Went to Café Rhizome last night to hear Matt Rader and Joanne Arnott read from their new books. Shortly after Rader's Living Things came across the transom the other day, I read it pretty much straight thru in one sitting. It's an exhilirating book and very different in form and content from his very strong debut collection Miraculous Hours (read my review here): on the whole, not as personally oriented, more, dare I say, professional; the language is also more torqued, studded with internal patterns of rhyme, alliteration, assonance, as well as more traditional stanzaic forms, especially sonnets and newer structures, like the spectacular falling rhyme "fib" that opens the book (Matt's fib is structured differently from the one at the link, starting off with two stanzas of one line, a two-line, three-line, five-line, etc., and each of the 33 lines ends with an "n" sound); the form is perfectly suited to the evolutionary subject matter of the poem, not just a showpiece.
Another highlight of the book is "The Ocean Voyager," a virtuoso adaptation of Rimbaud's "Le bateau ivre." Shortly before the book came out, I was having a beer with Liz Bachinsky and Silas White, the publisher at Nightwood Editions. I mentioned to Liz that I'd seen "The Ocean Voyager" in Event (where Liz is the poetry editor) and really liked it. Silas said that Matt had taken the poem out of the manuscript, which neither Liz nor I could believe. Apparently, Silas called Matt the next day and insisted that the poem go back in. So I'm glad that I had a bit of second-hand influence on the shape of the book.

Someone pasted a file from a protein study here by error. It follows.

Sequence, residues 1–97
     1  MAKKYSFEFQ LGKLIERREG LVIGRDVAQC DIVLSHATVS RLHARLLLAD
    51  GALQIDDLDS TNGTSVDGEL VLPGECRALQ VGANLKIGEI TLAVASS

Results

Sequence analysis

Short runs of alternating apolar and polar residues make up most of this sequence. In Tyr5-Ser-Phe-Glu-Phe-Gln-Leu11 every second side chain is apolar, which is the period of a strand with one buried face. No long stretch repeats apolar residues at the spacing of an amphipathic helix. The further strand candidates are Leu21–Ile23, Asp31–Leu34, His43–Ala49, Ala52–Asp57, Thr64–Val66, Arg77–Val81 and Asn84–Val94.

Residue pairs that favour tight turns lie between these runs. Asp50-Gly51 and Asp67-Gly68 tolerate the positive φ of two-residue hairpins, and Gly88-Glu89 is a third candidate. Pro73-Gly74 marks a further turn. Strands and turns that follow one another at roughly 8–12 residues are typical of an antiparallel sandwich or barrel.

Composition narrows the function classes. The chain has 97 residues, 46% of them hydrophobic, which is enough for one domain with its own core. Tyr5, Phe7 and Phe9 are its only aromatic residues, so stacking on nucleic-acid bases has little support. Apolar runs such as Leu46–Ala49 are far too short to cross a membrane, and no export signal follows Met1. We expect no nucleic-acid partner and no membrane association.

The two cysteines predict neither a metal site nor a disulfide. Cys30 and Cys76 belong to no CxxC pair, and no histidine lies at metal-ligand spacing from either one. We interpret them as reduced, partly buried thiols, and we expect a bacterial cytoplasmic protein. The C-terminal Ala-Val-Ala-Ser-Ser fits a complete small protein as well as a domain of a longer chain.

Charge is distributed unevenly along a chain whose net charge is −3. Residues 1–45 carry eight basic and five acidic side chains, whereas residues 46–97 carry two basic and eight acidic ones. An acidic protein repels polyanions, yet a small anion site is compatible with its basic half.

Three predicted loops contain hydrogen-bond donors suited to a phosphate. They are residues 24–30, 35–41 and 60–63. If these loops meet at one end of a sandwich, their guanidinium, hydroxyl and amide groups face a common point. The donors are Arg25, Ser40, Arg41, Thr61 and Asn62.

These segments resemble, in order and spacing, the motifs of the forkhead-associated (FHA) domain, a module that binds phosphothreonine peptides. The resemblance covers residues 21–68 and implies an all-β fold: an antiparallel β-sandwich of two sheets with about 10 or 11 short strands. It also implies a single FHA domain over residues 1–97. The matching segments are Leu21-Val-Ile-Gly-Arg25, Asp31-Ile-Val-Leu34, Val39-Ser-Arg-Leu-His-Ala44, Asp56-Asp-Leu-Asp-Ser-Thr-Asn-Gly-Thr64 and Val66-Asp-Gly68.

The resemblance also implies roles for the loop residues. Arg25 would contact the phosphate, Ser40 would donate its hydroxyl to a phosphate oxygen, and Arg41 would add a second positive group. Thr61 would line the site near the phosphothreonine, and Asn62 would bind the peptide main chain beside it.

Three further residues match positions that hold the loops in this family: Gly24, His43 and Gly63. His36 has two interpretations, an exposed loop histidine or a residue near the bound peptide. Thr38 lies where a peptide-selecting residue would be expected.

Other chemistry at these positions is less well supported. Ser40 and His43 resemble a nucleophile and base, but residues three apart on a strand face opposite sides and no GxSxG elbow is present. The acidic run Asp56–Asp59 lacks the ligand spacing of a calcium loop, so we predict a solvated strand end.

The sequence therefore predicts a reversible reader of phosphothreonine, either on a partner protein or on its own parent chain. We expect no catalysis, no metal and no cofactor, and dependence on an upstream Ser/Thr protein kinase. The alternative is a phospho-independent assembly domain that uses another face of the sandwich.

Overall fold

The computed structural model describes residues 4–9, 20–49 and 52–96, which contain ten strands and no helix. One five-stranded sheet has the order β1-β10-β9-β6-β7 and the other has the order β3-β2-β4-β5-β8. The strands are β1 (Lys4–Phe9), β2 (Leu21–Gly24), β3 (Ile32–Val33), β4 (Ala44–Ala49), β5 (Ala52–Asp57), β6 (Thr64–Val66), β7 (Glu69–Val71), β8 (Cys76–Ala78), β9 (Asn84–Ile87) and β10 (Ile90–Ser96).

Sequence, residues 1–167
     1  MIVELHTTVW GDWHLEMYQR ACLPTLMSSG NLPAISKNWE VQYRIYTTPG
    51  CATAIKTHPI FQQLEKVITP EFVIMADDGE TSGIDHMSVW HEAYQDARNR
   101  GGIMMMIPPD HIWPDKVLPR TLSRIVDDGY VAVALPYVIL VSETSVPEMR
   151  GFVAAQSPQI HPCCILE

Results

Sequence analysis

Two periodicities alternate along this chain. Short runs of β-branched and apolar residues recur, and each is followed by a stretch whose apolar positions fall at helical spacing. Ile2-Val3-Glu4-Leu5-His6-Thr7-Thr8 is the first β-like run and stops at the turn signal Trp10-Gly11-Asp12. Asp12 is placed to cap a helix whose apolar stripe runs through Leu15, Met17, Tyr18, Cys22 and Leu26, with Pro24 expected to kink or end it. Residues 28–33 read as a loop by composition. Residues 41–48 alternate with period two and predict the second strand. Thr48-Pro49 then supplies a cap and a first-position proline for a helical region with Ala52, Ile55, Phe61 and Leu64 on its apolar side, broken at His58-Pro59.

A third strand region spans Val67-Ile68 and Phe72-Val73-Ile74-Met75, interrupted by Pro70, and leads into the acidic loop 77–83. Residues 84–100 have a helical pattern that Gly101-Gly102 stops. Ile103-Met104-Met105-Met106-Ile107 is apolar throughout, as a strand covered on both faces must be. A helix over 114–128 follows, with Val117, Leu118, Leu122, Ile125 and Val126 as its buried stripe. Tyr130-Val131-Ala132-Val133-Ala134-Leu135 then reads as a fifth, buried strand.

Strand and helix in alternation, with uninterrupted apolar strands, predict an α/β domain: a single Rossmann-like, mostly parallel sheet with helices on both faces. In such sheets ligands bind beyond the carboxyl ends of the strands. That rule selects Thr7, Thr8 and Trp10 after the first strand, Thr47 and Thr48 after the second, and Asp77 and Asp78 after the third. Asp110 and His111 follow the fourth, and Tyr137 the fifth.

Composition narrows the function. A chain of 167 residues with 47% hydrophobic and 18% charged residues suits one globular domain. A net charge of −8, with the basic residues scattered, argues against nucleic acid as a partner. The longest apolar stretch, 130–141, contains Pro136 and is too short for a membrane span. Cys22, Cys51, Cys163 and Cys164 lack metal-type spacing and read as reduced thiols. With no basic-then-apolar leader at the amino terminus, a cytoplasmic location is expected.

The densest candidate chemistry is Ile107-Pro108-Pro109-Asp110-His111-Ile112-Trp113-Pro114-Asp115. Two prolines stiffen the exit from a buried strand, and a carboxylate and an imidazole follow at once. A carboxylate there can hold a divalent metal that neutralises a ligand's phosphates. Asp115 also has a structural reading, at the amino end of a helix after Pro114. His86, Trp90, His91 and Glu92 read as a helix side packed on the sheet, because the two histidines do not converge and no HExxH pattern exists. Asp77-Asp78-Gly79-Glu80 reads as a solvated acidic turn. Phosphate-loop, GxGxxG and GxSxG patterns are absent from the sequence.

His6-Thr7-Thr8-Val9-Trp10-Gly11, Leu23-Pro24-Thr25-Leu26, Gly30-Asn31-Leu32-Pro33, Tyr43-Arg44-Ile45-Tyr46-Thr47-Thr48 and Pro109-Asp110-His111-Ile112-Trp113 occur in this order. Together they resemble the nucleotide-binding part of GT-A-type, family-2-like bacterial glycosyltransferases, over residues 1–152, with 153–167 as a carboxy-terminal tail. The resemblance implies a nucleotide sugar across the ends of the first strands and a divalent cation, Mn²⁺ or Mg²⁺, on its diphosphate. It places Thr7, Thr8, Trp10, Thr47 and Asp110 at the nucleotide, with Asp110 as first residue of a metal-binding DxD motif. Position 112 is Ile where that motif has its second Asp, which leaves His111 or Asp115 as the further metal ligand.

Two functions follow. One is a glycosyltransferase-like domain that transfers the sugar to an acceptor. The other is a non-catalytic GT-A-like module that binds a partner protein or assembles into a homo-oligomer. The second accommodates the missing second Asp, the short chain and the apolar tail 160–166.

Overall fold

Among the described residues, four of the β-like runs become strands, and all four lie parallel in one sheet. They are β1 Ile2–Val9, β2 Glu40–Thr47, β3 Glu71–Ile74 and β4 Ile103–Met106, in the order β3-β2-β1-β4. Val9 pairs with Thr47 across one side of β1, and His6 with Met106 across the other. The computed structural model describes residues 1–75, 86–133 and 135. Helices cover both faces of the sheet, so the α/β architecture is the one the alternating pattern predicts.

It was good to hear him read from Living Things, tho he didn't have full performative control over the material; his reading style seemed too laid back casual for the pace of his line, which Steven Heighton has aptly described as "kinetic." It was also a good opportunity to meet Matt for the first time, get my book signed and give him his contributor copies of Jailbreaks. Matt's darkly witty "Electric Chair by Andy Warhol" from Miraculous Hours is in the book. Matt's also reading tonight, but I won't tell you about that because I want you to come to my reading...
Joanne Arnott read next, from Mother Time her newly published volume of new and selected poems. She read very well, in a deep, throaty voice, but I can't say I was enthralled by what she was reading. They were mostly motherhood poems, which is not in and of itself a bad thing, but it's become such a subgenre of contemporary lyric verse that, without something really distinctive and individual in the poems, they sound much like all the other motherhood poems out there. There wasn't, to my ear, such a distinction in Arnott's work. The highlight of her reading, however, was her singing, a cappella, a modified version of Rockabye Baby.